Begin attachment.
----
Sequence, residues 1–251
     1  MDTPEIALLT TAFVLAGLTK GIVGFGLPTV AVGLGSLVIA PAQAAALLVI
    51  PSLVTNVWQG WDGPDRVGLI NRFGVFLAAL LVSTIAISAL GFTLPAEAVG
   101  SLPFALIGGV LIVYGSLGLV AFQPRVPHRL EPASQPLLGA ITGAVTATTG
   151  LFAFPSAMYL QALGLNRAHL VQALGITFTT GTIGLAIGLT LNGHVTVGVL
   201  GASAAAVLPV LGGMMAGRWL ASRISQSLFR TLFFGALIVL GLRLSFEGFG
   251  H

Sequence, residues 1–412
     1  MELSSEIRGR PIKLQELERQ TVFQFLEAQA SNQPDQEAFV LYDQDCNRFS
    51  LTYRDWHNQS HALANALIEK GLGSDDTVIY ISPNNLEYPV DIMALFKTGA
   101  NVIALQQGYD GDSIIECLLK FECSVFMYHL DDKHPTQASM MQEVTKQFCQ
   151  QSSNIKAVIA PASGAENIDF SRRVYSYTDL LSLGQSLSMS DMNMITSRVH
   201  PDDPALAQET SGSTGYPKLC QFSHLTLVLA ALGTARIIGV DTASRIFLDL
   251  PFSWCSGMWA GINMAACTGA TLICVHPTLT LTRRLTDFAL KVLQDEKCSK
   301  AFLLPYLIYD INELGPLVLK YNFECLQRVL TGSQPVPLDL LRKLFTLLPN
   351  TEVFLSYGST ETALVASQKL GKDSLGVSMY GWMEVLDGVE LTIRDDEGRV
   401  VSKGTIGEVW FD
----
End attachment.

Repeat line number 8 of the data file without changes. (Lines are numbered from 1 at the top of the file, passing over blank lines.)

Sequence, residues 1–412